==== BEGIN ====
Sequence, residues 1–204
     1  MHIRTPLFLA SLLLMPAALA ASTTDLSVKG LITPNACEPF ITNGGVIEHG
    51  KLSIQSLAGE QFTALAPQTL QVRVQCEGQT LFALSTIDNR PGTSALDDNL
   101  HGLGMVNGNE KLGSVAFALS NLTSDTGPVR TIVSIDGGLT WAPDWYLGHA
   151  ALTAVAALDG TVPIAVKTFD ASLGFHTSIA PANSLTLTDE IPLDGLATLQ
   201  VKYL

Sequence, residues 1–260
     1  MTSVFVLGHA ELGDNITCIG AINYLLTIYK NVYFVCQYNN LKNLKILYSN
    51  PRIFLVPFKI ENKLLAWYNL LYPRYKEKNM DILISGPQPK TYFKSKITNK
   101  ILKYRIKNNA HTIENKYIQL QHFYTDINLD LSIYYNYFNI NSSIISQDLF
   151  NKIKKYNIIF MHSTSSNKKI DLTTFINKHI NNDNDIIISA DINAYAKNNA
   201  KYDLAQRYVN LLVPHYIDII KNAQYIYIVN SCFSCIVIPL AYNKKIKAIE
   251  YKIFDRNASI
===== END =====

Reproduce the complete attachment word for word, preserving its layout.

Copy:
Sequence, residues 1–204
     1  MHIRTPLFLA SLLLMPAALA ASTTDLSVKG LITPNACEPF ITNGGVIEHG
    51  KLSIQSLAGE QFTALAPQTL QVRVQCEGQT LFALSTIDNR PGTSALDDNL
   101  HGLGMVNGNE KLGSVAFALS NLTSDTGPVR TIVSIDGGLT WAPDWYLGHA
   151  ALTAVAALDG TVPIAVKTFD ASLGFHTSIA PANSLTLTDE IPLDGLATLQ
   201  VKYL

Sequence, residues 1–260
     1  MTSVFVLGHA ELGDNITCIG AINYLLTIYK NVYFVCQYNN LKNLKILYSN
    51  PRIFLVPFKI ENKLLAWYNL LYPRYKEKNM DILISGPQPK TYFKSKITNK
   101  ILKYRIKNNA HTIENKYIQL QHFYTDINLD LSIYYNYFNI NSSIISQDLF
   151  NKIKKYNIIF MHSTSSNKKI DLTTFINKHI NNDNDIIISA DINAYAKNNA
   201  KYDLAQRYVN LLVPHYIDII KNAQYIYIVN SCFSCIVIPL AYNKKIKAIE
   251  YKIFDRNASI